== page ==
Language & Communication

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A group presentation for our ANT101 class regarding Language & Communication using a Linguistic Anthropological approach.

A group presentation for our ANT101 class regarding Language & Communication using a Linguistic Anthropological approach.

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  • 1. Language & Communication
  • 2. Outline
      • What is Language and Communication?
      • Origin of Language
      • Nonverbal Communication
      • The Structure of Language
      • Sociolinguistics
      • Historical Linguistics
      • Language Barrier
  • 3. What is Language and Communication?
    • Language is our primary means of communication, it can be done through speech or writing.
    • In anthropology, language is studied in its social and cultural context (. It focuses on the fact that language is always changing. Study is done by comparing ancient languages to its contemporary descendants.
  • 4. The Origin of Language
    • One theory states that language evolved from call gestures used by early hominines.
    • “ When primates encounter food and danger simultaneously, they can only utter one call.” At some point in human evolution, early hominines began combining calls and to understand the combinations.
  • 5. HUMAN LANGUAGE PRIMATE CALL SYSTEMS HAS THE CAPACITY TO SPEAK OF THINGS AND EVENTS THAT ARE NOT PRESENT. ARE STIMULI-DEPENDENT, THE FOOD CALL WILL BE MADE ONLY IN THE PRESENCE OF FOOD; IT CANNOT BE FAKED. HAS THE CAPACITY TO GENERATE NEW EXPRESSIONS BY COMBINING OTHER EXPRESSIONS. CONSISTS OF A LIMITED NUMBER OF CALLS THAT CANNOT BE COMBINED TO PRODUCE NEW CALLS. IS GROUP SPECIFIC IN THAT ALL HUMANS HAVE THE CAPACITY FOR LANGUAGE, BUT EACH LINGUISTIC COMMUNITY HAS ITS OWN LANGUAGE, WHICH IS CULTURALLY TRANSMITTED. TENDS TO BE SPECIES SPECIFIC, WITH LITTLE VARIATION AMONG COMMUNITIES OF THE SAME SPECIES FOR EACH CALL.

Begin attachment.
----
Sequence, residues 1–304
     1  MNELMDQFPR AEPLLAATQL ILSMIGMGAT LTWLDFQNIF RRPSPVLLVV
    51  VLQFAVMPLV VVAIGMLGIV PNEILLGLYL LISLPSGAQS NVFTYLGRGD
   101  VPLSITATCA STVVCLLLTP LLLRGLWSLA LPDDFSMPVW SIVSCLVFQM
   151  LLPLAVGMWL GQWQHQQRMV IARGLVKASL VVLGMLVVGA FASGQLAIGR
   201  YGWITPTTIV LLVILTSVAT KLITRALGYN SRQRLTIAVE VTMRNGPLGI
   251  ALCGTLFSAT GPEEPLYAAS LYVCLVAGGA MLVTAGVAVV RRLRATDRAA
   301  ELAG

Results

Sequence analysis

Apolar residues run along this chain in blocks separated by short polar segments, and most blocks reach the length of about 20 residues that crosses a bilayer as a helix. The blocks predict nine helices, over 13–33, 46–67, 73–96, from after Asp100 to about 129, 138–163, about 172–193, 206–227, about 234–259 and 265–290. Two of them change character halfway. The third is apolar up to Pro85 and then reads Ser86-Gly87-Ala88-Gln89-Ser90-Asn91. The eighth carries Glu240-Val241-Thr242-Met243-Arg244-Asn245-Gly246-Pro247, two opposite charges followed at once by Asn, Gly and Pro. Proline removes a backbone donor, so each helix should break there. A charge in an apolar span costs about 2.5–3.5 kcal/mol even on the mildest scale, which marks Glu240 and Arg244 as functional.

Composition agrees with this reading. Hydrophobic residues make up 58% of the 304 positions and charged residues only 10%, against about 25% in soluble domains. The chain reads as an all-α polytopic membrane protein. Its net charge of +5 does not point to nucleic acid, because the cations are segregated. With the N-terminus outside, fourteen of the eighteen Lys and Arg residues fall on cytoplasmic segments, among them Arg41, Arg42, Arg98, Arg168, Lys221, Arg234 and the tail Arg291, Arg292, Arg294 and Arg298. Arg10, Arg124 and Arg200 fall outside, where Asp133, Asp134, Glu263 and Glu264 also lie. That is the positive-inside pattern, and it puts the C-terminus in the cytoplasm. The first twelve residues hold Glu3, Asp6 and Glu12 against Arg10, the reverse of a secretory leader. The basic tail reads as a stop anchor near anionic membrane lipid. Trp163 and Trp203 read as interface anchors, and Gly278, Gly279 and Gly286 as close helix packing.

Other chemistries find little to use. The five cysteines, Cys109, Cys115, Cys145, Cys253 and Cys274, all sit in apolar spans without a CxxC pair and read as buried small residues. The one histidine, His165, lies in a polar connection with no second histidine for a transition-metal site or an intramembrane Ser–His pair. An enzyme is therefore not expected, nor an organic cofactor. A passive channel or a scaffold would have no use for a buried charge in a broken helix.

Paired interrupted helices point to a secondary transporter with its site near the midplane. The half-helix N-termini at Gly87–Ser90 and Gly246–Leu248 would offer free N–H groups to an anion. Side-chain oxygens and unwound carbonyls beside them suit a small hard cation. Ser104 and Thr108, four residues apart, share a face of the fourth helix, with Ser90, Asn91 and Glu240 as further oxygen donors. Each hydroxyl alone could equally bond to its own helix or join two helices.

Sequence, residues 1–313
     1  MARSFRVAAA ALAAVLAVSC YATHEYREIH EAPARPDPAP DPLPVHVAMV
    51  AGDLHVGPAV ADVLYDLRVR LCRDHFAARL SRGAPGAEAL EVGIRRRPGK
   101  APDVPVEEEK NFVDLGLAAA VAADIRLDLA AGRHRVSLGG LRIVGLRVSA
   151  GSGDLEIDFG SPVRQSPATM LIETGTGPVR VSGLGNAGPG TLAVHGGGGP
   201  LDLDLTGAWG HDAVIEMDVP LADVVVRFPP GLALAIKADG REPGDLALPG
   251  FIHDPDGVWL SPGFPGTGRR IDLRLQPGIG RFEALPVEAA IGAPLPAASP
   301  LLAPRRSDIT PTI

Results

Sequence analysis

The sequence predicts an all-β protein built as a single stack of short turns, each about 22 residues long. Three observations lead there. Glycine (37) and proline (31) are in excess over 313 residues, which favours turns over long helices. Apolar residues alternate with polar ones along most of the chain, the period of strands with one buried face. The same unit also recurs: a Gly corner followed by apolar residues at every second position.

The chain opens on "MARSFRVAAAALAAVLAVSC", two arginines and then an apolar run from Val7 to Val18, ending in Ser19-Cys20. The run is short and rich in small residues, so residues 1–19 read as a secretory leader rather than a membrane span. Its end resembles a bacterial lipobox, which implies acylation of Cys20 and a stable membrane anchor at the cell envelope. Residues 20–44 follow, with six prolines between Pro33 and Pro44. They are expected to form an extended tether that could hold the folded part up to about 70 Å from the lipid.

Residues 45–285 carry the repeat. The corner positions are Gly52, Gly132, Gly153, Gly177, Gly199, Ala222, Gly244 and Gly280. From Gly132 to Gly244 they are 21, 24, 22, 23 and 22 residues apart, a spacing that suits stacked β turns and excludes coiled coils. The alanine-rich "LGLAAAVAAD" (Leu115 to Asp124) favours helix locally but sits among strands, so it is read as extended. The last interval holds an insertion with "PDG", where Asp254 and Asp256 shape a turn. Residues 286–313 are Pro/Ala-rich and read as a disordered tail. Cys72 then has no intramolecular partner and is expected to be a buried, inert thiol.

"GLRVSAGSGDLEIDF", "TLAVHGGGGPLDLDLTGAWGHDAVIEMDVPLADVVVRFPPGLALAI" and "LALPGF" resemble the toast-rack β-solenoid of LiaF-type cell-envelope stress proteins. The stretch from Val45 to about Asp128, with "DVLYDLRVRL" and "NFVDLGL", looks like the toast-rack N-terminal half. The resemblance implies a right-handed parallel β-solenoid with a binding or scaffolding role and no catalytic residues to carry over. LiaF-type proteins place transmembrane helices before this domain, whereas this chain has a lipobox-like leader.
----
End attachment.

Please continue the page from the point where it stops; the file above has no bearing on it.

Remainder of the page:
• 6. Non-verbal communication
    • 1. Sign Language:
    • - used to convey messages through visual transmissions such as hand gestures combined with body movement and facial expressions.
    • - American Sign Language (ASL) is widely used by deaf and mute Americans.
  • 7. Non-verbal communication
    • Body Language
    • - American women are more likely to look directly at each other when they talk. American Men do not, especially when talking to other men.
    • - In some cultures, nodding your head does not necessarily mean yes and shaking it side to side may not mean no.
    • - Americans point with their fingers, in Madagascar they point with their lips.
    • - Kinesics , study of communication through body movement, stances, gestures, and facial expression.
  • 8. Non-verbal communication
    • Body Language
    • - In Madagascar and Polynesia, people of lower statuses must not hold their heads above those of higher status. When approached by someone of higher status, they must bend one’s knees and lower one’s head as a sign of respect.
    • - In Japan, people greet each other with a bow.
  • 9. The Structure of Language
    • Phonology – study of speech sounds.